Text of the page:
Guitarist Pat Metheny may not be old, but he's been around long enough to be considered an influential artist who can start giving something back to younger players. Pianist Brad Mehldau, still in his mid-thirties, has already established himself as one of his generation's most significant artists. Metheny has always been selective about his musical associations, but an encounter between these two musicians somehow seemed inevitable. Metheny Mehldau
is Metheny's first significant collaboration with a pianist other than his long-time musical partner, Lyle Mays, and the results will both sound familiar to fans of either artist and provide some surprises as well.
The set consists primarily of new Metheny compositionsonly the Latin-esque "Say the Brother's Name" and up-tempo "Ahmid-6" have been recorded before. Mehldau contributes the propulsive "Legend," melancholy "Unrequited" and abstractly lyrical "Annie's Bittersweet Cake."
With the exception of two quartet tracks featuring Mehldau's regular trio matesbassist Larry Grenadier and drummer Jeff Ballardthe rest of Metheny Mehldau consists of duets. While the composer's identity is always clear, the strength of the other player takes the material to new places which would otherwise go unexplored if they were played in the writer's regular musical contexts.
Mehldau's support for Metheny bears a harmonic ambiguity which sounds distinct from the way Mays might interpret the same tunes. The lyricism of the gentle "Legend" may sound like pure Metheny, but Mehldau's voicings pull it closer to his own universe. One of the biggest strengths of the record is how, despite Metheny's greater compositional input, it really is a collaborative effort. Each voice remains strong and distinct, but ultimately the two players create something that sounds like both of them and, strangely, also like neither.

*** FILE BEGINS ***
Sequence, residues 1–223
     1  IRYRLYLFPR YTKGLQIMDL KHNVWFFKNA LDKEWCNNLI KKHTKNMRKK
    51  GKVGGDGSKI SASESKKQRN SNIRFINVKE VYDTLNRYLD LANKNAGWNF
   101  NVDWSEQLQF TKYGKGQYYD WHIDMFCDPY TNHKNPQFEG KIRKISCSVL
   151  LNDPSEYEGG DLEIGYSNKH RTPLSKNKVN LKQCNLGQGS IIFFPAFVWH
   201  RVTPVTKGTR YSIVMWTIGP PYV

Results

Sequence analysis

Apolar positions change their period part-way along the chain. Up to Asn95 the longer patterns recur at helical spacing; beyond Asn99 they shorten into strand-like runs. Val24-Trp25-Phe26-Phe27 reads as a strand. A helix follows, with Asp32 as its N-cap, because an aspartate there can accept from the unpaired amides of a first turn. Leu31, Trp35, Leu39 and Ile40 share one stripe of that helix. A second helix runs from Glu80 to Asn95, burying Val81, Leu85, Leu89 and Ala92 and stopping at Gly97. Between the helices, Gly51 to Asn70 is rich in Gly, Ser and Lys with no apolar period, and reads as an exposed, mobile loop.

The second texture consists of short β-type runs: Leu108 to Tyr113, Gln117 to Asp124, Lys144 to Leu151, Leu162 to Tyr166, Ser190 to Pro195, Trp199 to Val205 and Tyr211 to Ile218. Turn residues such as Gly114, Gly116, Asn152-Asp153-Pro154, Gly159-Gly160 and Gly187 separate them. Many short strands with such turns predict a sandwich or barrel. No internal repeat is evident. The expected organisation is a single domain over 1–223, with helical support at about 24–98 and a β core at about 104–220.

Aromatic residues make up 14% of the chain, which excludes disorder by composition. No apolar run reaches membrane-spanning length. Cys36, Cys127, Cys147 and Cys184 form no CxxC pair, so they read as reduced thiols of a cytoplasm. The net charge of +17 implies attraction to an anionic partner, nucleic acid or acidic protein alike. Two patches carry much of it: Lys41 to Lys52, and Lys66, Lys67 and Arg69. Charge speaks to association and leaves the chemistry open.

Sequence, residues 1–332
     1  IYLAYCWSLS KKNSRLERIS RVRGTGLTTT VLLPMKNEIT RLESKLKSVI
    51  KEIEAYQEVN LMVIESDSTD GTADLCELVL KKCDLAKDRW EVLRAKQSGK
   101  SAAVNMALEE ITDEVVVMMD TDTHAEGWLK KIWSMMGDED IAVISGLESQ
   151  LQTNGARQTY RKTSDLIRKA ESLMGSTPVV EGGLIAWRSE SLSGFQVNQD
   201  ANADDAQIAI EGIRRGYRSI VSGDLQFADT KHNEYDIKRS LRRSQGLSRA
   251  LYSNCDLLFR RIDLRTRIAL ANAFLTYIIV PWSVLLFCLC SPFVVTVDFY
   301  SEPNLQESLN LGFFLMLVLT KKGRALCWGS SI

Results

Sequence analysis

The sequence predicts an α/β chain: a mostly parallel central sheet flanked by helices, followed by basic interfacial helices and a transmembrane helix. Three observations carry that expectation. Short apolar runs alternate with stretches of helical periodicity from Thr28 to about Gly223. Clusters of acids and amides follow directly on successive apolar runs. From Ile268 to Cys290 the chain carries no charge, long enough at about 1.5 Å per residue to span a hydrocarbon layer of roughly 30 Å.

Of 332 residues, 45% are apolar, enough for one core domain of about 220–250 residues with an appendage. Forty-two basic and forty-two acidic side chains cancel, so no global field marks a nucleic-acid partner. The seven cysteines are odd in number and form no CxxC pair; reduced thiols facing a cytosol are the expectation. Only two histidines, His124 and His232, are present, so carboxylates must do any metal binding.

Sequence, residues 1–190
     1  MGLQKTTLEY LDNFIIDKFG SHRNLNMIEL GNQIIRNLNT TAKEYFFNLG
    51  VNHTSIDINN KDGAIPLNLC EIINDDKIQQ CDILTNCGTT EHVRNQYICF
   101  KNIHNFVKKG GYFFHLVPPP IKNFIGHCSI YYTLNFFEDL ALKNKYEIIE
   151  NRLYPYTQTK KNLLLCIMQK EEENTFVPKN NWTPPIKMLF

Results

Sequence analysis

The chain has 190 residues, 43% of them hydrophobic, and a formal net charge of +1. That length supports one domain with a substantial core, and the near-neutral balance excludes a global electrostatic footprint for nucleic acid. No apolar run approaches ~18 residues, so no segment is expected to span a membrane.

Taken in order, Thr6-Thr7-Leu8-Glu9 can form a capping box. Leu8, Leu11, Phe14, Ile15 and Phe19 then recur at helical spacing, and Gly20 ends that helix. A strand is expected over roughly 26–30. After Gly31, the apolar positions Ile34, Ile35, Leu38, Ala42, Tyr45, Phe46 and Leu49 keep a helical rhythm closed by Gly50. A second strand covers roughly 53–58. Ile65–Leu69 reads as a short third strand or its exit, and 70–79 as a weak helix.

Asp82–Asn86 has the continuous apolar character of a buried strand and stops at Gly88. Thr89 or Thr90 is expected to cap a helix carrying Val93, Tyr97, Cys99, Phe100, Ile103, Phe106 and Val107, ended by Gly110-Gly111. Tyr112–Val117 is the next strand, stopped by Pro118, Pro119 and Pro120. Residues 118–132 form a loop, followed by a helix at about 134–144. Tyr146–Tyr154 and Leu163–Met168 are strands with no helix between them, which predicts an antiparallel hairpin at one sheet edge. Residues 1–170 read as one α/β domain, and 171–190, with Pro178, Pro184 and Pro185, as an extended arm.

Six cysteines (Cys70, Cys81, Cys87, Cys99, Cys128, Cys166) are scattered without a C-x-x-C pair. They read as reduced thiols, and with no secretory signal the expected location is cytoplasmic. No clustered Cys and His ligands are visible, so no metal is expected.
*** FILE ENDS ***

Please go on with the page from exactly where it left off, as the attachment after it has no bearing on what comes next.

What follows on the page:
Metheny sticks with a warm hollowbody tone for the most part, playing steel-string acoustic on "Summer Day," which could easily be an outtake from As Falls Wichita, So Falls Wichita Falls (ECM, 1981), and baritone guitar for the even folksier closer, "Make Peace." Mehldau may not hail from the Midwest (as Metheny does), but you'd never know it.
As engaging as the duet tracks may be, the two quartet tracks provide the best glimpse into the real potential of this collaboration. Ballard's playing contrasts sharply with the equally intricate work of Metheny's current drummer, Antonio Sanchez. His fiery drumming drives both Mehldau and Methenywho brings out his trademark guitar synth on "Legend"to their most energetic solos of the set.
Word has it that this is the first of two recordingsthe second will focus more on the quartet. Metheny Mehldau works well as a record of duets, but the promise of more quartet music is exciting. Hopefully this is more than speculation, but until that's substantiated, Metheny Mehldau is a compelling meeting of two strong musical minds whose differences actually add up to greater strength.
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Personnel: Pat Metheny: acoustic and electric guitars, guitar synth; Brad Mehldau: piano; Larry Grenadier: double-bass (4,7); Jeff Ballard: drums (4,7).